I heard Juan Williams interviewed on the Diane Rehm show a week or so ago. He was fired from NPR without recourse, because he said out loud he felt a bit of ill ease on a plane with middle eastern looking people on it. After a decade of government- and media-generated fear of Muslims, who can honestly say anything else without lying? The point is: lie. The irony was that he was a liberal being fired for political incorrectness off the air. I went to amazon during the radio show and put his new book on my wish list. The title is MUZZLED. Fox, a right wing Rupert Murdoch tabloid tv network, then hired him. At Fox he is allowed to be a liberal voice. At NPR he was not allowed his own voice, even in private. He's been writing this book of his experience and thoughts on the matter of press censorship since that time. His point is political correctness has gone off the deep end into absurd. It has become so absurd you can't even say white people dance like stick figures without being attacked for political incorrectness.
I sat back and listened the whole time Juan Williams was talking. He's an intelligent man, and I have to say I respect him more now than before. Before, I paid attention when he talked. Now, I really pay attention when he talks. He resonated with me. I saw on Yahoo news two or three days ago a couple of women were at Dollywood and one of them had on a tshirt that said, marriage is so gay. Management, in exaggerated mortification that a child might see the phrase and be corrupted for life, evidently made into a queer by reading it, and Dollywood might be sued by parents for turning their kid into a fag, asked her to put on another shirt. She got all shittin and made a fuss for the news in full self-righteousness. Like the old gal told to put on a shirt in Walmart. It wasn't for indecency, I'm sure. I get these emails periodically of pictures taken of people in Walmart, a whole lot more indecent than she was.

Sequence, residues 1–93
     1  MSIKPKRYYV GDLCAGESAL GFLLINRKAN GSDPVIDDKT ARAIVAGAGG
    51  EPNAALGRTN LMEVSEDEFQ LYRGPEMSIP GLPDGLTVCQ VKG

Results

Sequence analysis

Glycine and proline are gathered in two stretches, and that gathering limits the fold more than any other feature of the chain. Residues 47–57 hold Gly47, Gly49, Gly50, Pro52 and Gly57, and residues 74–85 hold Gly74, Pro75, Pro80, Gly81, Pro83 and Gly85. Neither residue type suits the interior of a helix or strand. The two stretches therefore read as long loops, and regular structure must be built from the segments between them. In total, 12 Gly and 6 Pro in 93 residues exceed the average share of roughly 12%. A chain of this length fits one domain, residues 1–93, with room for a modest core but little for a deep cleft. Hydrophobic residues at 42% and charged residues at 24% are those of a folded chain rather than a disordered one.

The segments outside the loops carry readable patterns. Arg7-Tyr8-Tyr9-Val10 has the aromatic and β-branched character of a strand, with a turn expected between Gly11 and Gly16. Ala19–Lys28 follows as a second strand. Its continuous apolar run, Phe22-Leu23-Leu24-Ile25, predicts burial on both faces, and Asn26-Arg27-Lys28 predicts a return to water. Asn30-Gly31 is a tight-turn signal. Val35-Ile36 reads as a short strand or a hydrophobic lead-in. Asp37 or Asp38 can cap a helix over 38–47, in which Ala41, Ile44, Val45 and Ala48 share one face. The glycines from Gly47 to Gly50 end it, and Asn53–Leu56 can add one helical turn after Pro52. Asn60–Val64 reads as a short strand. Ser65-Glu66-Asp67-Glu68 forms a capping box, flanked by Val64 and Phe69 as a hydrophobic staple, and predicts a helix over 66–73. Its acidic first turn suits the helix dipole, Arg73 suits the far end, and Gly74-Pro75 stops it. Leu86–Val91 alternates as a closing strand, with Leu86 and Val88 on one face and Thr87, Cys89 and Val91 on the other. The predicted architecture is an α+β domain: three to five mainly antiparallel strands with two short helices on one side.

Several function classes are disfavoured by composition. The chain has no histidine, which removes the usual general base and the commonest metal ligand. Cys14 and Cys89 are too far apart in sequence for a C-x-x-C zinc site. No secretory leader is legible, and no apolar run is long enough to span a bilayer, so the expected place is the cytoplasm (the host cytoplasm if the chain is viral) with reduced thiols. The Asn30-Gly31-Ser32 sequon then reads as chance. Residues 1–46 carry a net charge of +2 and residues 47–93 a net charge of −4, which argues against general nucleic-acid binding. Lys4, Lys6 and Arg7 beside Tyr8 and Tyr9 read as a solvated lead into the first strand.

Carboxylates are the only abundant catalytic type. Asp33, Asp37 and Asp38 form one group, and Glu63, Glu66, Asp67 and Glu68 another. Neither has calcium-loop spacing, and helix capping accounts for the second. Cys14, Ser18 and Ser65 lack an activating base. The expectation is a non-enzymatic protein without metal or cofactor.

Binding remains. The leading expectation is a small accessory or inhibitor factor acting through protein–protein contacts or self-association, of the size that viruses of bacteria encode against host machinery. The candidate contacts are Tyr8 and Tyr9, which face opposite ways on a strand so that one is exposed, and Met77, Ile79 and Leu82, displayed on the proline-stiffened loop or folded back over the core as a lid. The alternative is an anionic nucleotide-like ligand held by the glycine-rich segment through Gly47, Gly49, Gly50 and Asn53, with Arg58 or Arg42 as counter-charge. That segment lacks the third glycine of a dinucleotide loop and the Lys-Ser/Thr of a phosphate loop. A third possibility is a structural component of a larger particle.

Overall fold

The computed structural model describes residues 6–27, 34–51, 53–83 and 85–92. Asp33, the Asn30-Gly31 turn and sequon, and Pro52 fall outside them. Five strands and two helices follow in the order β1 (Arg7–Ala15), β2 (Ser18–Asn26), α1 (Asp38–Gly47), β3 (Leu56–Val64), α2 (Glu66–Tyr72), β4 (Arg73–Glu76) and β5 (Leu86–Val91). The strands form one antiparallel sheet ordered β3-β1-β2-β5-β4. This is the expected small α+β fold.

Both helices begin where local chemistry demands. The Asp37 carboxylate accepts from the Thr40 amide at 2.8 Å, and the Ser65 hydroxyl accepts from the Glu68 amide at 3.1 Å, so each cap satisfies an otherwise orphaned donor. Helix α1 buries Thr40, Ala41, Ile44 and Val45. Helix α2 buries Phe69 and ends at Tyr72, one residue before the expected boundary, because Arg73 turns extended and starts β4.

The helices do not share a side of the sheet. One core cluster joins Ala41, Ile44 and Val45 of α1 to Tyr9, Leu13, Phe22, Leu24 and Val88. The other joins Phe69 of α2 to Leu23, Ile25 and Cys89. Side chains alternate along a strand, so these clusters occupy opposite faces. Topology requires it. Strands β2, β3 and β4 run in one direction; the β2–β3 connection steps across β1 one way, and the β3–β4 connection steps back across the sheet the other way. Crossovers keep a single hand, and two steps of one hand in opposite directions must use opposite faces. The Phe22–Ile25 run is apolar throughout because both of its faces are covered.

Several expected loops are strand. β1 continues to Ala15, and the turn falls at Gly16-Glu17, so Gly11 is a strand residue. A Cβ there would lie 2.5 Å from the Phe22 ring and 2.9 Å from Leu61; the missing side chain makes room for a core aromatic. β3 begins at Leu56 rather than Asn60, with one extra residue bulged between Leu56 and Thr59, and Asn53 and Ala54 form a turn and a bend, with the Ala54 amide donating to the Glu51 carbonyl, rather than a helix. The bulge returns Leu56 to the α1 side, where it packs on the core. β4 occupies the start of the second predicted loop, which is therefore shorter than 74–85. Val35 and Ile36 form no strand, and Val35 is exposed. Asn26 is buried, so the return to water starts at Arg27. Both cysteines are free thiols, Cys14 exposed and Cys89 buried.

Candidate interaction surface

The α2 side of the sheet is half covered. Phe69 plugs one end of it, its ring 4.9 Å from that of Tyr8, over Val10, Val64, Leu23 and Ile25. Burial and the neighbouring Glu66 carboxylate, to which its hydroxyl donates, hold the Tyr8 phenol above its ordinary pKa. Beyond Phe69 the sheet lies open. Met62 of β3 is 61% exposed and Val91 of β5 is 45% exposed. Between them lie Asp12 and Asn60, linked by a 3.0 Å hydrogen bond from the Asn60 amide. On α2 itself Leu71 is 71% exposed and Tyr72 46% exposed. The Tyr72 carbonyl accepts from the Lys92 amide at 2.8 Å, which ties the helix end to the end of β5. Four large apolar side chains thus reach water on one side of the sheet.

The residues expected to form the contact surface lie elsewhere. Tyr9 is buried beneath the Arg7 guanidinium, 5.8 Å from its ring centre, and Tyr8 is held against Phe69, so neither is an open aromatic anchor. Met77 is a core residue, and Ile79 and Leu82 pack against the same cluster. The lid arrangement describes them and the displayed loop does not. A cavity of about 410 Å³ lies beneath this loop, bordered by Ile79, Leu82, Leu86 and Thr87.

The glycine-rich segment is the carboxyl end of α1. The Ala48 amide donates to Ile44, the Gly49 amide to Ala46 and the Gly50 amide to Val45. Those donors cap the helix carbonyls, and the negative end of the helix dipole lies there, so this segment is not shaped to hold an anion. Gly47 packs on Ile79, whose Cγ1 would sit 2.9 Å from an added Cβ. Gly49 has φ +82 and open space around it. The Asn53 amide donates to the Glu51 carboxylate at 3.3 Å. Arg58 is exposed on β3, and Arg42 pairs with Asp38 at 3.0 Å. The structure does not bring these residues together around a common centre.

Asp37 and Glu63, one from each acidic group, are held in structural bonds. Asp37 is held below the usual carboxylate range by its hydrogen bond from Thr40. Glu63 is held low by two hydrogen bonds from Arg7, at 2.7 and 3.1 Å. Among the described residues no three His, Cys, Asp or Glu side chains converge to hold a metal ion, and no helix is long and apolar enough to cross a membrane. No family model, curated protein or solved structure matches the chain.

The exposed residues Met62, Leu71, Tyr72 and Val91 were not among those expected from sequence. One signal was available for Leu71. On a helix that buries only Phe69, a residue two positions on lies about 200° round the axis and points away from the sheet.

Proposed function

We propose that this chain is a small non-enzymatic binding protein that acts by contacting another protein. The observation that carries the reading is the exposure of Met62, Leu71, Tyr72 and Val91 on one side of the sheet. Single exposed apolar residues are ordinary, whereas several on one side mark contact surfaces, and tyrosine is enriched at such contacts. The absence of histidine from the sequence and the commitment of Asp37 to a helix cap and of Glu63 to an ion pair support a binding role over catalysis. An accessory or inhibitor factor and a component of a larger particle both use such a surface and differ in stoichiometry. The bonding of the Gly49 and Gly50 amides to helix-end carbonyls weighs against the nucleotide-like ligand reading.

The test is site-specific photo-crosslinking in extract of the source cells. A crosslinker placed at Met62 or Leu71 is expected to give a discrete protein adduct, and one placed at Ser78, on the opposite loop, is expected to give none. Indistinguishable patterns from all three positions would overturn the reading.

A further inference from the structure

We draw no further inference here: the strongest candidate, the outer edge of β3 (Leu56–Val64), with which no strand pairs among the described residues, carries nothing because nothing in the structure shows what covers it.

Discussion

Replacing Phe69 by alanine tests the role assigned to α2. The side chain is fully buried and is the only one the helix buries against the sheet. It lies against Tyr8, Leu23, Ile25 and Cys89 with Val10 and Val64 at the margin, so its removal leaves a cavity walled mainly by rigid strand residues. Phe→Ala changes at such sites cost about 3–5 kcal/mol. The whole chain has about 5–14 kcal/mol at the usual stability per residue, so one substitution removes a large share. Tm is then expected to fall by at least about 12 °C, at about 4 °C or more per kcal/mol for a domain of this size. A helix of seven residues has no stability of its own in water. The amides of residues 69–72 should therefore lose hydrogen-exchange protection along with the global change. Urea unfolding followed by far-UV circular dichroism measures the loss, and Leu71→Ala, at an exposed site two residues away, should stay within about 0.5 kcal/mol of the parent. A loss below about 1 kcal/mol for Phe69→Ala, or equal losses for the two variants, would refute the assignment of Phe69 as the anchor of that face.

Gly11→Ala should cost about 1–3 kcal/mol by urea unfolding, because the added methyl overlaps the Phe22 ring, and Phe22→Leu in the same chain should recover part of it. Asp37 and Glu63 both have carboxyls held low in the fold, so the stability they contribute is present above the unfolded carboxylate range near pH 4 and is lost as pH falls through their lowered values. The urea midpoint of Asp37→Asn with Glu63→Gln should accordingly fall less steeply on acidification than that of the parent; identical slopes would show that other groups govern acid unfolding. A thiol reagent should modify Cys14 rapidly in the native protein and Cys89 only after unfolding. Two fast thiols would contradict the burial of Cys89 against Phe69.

It was surely for her own benefit from apprehension she might be arrested for public ugliness, self-made ugly with tattoos and piercings and a body too old to be time-traveling in the mirror all the way back to teenager. It was the equivalent of me walking into Walmart in a thong and a big tattoo on my back that said, Abercrombie, with a red dragon breathing fire. I think of it as plain decency not wanting to cause everybody around me to recoil in horror from what I look like naked, which nobody but a true sicko would want to see, and I'd be afraid of whoever that might be. Innocent bystanders would say, "Now I seen it all." The old gal was rough to look at. If she were to walk into Selma's, my eyes would open so wide so fast they'd be in danger of popping out. She huffed and puffed in self-righteous indignation too; I have a right! She has a right, but, alas, no shame. If I were brave or senile enough to walk into Walmart in a thong (don't worry, I don't have one), I'd hope to at least have the good humor, when asked to put on some clothes, to say, "That's what I come in here for."